Working in construction will always be dangerous, but there are ways to prevent injuries that can help. For instance, workers often wear hardhats or have flashing or reflective gear to identify them. Still, even with these safety precautions, situations like working on highways can make construction a dangerous business.
An Oct. 5 report about a woman who was struck working on Barton Road in Belmont County shows just how dangerous working can be when there are others on the roads. While this case had a hit-and-run driver that is still unaccounted for, the worker, just like you if you’re hurt at work, is fortunate in that workers’ compensation should cover her medical bills and lost wages.
In this case, the worker was working in the afternoon on the road; she was directing traffic. While she was directing cars around the area, a vehicle struck her, breaking her leg. The car’s driver fled the scene in his vehicle, leaving her to suffer until she could be taken to a hospital for an assessment.
The Ohio State Highway Patrol is investigating the incident, which was fortunate to end without a fatality. Other workers in the state haven’t been as fortunate. According to a report from Oct 6, Ohio is now leading the Midwest for workers who are killed on the job.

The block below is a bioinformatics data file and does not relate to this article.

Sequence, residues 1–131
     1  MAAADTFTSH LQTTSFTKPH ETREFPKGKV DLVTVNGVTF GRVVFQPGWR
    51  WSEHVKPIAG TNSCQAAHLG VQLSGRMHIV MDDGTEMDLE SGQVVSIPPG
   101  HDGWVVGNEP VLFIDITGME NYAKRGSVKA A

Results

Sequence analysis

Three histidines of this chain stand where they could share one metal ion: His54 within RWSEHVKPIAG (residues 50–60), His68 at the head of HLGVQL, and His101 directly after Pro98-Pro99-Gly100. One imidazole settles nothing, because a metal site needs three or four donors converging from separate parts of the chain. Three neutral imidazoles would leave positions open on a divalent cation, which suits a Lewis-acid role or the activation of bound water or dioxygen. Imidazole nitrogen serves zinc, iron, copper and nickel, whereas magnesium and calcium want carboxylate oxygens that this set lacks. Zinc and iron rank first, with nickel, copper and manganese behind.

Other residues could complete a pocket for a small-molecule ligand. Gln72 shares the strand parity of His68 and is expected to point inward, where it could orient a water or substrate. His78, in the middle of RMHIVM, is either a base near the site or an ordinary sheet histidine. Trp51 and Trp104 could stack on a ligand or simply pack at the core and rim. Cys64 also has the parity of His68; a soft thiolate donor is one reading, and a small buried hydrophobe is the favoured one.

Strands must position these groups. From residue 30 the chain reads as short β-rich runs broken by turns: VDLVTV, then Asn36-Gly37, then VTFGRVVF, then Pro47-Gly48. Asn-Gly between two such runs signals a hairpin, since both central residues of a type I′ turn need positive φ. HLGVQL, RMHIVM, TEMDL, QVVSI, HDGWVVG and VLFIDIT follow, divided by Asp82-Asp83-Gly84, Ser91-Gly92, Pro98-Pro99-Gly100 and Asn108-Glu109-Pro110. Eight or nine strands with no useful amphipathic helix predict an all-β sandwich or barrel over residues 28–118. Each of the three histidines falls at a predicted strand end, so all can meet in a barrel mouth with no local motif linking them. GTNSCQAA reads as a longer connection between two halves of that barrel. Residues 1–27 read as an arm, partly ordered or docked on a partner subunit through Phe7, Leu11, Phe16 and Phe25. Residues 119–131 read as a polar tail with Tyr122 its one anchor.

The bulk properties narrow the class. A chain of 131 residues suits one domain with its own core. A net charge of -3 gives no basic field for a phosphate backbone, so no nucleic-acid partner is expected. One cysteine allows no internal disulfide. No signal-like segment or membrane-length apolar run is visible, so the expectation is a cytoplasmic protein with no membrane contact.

What’s making the state more dangerous? It’s not really, according to federal data. Other areas are simply doing better, while Ohio is at a plateau. Limiting worker exposure to danger is the primary way to keep injuries and fatalities from taking place, and the Occupational Safety and Health Administration claims that safe work practices need to be reinforced and paid attention to for the number of injuries and deaths to drop.
Source: WTOV, “Construction worker injured in hit-and-run accident,” Ryan Eldredge, Oct. 05, 2015